NATO started exercising and testing its new Very High Readiness Joint Task Force concept with a recent deployment drill in Germany. The VJTF, which is expected to reach full operational capability in 2016, is part of the newly created NATO Response Force, or “spearhead force.” It is composed of land, air, sea, and Special Forces units capable of deployment within 48 hours and will be composed of some 5,000 troops. The task force has reached “interim capability,” according to NATO. The first exercise, conducted in Germany in early March, involved the 1st German-Netherlands Corps—the NATO Response Force’s standby land headquarters element for 2015. The exercise focused on alert procedures and rapid deployment preparation, deploying the unit on a C-17 flying into the civilian airport at Munster Osnabruck, Germany. Vehicles and personnel with the operational liaison and reconnaissance team were loaded with the help of US and Swedish loadmasters. The OLRT’s job, once deployed, is to establish contacts with authorities and prepare for operations, and in a crisis prepare for NATO follow-on forces. Another alert exercise is scheduled for the VJTF this month, and a deployment exercise will follow in June, said German Army Lt. Col. Axel Schettkamp. (See also Bolstering Europe from the April 2015 issue of Air Force Magazine.)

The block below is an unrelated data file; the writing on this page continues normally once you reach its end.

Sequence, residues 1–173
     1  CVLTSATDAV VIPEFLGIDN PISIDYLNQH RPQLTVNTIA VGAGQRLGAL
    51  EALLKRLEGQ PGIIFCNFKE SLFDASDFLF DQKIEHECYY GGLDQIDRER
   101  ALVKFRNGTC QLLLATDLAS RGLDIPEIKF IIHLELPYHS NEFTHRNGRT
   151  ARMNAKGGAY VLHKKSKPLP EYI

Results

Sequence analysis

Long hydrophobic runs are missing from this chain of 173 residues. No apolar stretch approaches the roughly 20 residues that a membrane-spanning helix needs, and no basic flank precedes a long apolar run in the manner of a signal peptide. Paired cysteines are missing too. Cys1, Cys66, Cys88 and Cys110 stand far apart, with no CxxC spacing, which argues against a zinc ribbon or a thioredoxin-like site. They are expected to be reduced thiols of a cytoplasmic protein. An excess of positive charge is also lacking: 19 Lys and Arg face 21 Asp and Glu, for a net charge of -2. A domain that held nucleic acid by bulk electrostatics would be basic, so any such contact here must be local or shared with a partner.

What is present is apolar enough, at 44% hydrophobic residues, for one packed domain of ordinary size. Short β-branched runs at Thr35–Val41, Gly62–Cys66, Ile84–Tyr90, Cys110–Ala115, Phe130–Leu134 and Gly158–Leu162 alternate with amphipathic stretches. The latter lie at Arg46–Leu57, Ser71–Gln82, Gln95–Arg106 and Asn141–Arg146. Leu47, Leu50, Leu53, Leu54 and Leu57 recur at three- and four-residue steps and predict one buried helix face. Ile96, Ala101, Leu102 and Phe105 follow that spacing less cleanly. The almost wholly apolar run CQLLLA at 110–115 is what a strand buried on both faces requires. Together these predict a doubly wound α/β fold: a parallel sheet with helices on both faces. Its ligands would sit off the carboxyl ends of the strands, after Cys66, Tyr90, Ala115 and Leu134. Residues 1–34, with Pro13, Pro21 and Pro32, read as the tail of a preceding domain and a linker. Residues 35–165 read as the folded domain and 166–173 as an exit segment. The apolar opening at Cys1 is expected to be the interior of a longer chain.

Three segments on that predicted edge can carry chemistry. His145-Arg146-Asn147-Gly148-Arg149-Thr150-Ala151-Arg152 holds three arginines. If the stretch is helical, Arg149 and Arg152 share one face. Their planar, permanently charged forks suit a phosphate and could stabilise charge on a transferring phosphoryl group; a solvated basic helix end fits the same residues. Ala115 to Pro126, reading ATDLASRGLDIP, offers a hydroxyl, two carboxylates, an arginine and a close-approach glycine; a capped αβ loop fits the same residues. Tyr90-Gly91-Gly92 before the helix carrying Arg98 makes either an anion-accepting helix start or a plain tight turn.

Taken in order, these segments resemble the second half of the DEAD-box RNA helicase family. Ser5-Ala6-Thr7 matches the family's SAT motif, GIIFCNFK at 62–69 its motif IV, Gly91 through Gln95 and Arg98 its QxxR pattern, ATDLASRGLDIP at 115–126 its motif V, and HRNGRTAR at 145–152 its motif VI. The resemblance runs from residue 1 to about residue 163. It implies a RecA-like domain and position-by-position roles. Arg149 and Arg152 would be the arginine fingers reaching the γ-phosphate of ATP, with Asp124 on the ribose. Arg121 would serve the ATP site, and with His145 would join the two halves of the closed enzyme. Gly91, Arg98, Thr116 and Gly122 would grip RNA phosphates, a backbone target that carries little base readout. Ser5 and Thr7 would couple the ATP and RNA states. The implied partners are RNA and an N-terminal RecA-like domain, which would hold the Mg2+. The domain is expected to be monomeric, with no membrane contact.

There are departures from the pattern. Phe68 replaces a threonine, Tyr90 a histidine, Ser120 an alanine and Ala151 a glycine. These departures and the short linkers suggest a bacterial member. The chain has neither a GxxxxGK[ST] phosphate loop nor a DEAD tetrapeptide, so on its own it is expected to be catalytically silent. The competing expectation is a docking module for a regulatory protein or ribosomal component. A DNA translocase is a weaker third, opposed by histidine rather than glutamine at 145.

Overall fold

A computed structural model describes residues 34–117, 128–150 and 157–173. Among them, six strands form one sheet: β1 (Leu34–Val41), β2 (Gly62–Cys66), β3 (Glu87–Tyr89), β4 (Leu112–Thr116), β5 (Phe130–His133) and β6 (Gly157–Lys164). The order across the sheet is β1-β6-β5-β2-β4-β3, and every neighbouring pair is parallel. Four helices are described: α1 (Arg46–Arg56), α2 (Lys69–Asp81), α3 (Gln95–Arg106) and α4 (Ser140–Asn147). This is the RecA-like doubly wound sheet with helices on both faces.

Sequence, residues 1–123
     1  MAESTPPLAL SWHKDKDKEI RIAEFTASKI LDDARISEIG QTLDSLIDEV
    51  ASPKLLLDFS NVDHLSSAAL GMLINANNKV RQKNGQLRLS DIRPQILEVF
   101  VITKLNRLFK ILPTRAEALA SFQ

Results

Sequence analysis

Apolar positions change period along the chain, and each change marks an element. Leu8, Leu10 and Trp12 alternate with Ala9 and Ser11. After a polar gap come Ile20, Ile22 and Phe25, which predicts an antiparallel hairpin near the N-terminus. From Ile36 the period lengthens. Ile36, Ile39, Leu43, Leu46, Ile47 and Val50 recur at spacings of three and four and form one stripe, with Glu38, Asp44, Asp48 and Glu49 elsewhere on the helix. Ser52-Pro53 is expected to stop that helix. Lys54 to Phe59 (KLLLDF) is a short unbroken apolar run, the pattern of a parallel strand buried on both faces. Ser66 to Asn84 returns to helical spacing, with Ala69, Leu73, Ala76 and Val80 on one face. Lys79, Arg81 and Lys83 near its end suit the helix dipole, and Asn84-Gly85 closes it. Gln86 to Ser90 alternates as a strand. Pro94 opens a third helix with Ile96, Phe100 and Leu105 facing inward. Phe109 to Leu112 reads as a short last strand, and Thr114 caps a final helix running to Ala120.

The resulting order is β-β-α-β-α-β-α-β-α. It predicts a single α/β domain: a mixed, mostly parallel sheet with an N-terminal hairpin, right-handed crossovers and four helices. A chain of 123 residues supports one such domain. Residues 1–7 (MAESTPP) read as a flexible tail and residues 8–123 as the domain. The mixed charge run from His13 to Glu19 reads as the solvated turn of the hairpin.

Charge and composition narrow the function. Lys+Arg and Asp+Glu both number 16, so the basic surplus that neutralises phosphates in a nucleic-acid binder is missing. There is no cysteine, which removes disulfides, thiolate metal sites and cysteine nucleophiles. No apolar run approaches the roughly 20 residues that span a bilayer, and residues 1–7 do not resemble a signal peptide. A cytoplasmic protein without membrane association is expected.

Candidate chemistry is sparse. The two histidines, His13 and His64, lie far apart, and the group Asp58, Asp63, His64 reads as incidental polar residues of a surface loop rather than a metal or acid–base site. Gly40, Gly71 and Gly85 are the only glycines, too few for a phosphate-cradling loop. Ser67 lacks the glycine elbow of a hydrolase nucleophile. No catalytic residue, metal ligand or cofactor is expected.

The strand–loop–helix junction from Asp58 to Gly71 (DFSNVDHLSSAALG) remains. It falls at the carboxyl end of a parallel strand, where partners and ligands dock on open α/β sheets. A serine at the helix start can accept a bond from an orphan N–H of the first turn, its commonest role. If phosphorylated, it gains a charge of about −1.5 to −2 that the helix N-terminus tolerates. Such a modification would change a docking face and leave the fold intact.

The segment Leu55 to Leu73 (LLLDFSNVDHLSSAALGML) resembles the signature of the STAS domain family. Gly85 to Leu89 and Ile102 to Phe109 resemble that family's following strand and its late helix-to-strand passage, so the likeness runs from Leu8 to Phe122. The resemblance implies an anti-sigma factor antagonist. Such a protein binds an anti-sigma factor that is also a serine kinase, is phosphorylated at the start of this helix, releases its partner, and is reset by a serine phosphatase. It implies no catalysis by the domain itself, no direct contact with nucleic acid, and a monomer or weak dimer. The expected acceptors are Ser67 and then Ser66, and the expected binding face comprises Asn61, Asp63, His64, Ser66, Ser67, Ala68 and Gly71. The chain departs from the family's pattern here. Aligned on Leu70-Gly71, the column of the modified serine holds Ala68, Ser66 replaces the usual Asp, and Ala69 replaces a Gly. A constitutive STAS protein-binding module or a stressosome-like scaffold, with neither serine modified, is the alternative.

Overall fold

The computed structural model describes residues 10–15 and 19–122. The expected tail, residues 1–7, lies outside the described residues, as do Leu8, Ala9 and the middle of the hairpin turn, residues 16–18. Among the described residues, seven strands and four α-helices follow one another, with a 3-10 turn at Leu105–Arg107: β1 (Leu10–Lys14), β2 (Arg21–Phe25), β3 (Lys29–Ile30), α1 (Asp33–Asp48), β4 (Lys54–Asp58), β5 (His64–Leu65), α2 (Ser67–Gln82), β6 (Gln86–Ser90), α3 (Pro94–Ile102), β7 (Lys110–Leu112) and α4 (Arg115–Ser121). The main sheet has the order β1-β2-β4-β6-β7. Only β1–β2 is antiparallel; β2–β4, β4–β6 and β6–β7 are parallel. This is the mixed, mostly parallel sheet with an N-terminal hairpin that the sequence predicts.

While some of the Air Force's newly announced changes will happen quickly, it may take most of Chief of Staff Gen. David W. Allvin's tenure in the job to accomplish the rest, he said in a Brookings Institution event Feb. 28.